Meanwhile, Senator Elizabeth Warren (also a Democratic Presidential hopeful) released a set of plans to confront climate change. These prompted stories about the plan and comparing/contrasting hers with Joe Biden’s and others’. For example, journalist Ken Thomas compared it to the Joe Biden plan in the pages of The Wall Street Journal, while Reuters journalist Ginger Gibson wrote, “Democratic U.S. presidential hopeful Elizabeth Warren proposed on Tuesday spending $2 trillion on a new "green manufacturing" program to address climate change that would invest in research and exporting American clean energy technology. The manufacturing program is the first in a new series of "economic patriotism" proposals Warren is unveiling intended to create American jobs and help U.S. industry. "This is going to be a big plan for bold structural changes," Warren said at a campaign rally in Detroit, Michigan. Warren told the crowd of about 500 in a facility that teaches manufacturing skills that her proposal would be paid for by cutting subsidies in the oil and gas industry. Additionally, by all companies paying more taxes, she said, singling out Among the more than 20 Democrats in the field hoping to challenge Republican President Donald Trump in November 2020, Warren has distinguished herself as the most prolific proposer of new policy positions”. Meanwhile, New York Times journalists Astead Herndon and Patricia Cohen noted the Senator Warren’s plan “would invest $2 trillion in climate-friendly industries over a decade, create a new cabinet-level Department of Economic Development and even manipulate the dollar to promote exports”.

Other stories in June focused more squarely on economics. For example, there were numerous media reports on a new analysis of corporate disclosures by the Carbon Disclosure Project. Journalist Matthew Green from Reuters reported, “More than 200 of the world’s largest listed companies forecast that climate change could cost them a combined total of almost $1 trillion, with much of the pain due in the next five years, according to a report published on Tuesday. Even so, the findings by charity CDP suggested many companies still underestimated the dangers as scientists warn that earth’s climate system is on course to hit catastrophic tipping points without rapid cuts in carbon emissions”. Furthermore, New York Times reporter Brad Plumer wrote, “Under pressure from shareholders and regulators, companies are increasingly disclosing the specific financial impacts they could face as the planet warms, such as extreme weather that could disrupt their supply chains or stricter climate regulations that could hurt the value of coal, oil and gas investments. Early estimates suggest that trillions of dollars may ultimately be at stake. Even so, analysts warn that many companies are still lagging in accounting for all of the plausible financial risks from global warming”.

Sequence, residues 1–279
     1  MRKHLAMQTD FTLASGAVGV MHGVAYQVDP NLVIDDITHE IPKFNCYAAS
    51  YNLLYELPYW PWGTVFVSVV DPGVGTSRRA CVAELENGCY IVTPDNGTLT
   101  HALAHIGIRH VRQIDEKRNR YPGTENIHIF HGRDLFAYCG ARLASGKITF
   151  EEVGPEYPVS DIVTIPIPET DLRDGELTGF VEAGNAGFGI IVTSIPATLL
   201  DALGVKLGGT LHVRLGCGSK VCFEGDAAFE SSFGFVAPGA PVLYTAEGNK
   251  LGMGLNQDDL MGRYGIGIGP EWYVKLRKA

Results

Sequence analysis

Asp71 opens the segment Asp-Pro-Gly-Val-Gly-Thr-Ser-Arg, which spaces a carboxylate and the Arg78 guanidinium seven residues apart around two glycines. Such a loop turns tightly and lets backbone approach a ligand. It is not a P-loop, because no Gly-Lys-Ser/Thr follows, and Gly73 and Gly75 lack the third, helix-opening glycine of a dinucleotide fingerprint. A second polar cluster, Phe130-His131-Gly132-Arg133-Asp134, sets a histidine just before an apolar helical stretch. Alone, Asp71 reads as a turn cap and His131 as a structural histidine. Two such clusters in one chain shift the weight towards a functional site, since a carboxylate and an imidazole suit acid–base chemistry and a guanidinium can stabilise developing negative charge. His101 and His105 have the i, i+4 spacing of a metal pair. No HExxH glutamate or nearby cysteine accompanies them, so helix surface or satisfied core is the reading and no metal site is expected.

In mid-June, a European Union failure to agree on a carbon-neutral proposal for 2050 generated media attention. For instance, Associated Press reporters Samuel Petrequin and Raf Casert reported, “European Union leaders failed Thursday to back a plan to make the bloc’s economy carbon neutral by 2050 in spite of promises to protesters across the continent to fight harder against climate change. Ahead of a U.N. meeting in the fall, the proposal was relegated to a non-binding footnote in the final statement of Thursday’s summit of EU leaders in Brussels. “For a large majority of Member States, climate neutrality must be achieved by 2050,” the footnote read. “However, for the change in approach to become an official target, all 28 EU countries need to back the change. The non-decision showed the rift between the western member states and the eastern nations on climate change. According to French president Emmanuel Macron and several other diplomatic sources, 24 countries including Britain, France and Germany supported the initiative, but were held back by Poland and three other nations which heavily depend on a fossil-fuel economy”.

Later in June, the first round of US Democratic Primary Presidential Debates also generated attention (as much for the absence of climate change discussions as their presence), along with the United Nations Climate Conference – the fiftieth sessions of the Subsidiary Body for Scientific and Technological Advice and the Subsidiary Body (SB 50) for Implementation – in Bonn, Germany generated media coverage.